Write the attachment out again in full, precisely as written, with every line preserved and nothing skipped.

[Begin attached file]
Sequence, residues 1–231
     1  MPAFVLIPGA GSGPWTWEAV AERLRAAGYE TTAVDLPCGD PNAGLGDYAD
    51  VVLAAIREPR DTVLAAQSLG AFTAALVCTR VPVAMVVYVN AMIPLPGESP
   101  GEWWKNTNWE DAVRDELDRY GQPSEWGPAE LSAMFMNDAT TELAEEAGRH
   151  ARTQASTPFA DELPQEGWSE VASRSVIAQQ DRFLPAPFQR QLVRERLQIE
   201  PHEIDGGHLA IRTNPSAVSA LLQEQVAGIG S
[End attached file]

Sequence, residues 1–231
     1  MPAFVLIPGA GSGPWTWEAV AERLRAAGYE TTAVDLPCGD PNAGLGDYAD
    51  VVLAAIREPR DTVLAAQSLG AFTAALVCTR VPVAMVVYVN AMIPLPGESP
   101  GEWWKNTNWE DAVRDELDRY GQPSEWGPAE LSAMFMNDAT TELAEEAGRH
   151  ARTQASTPFA DELPQEGWSE VASRSVIAQQ DRFLPAPFQR QLVRERLQIE
   201  PHEIDGGHLA IRTNPSAVSA LLQEQVAGIG S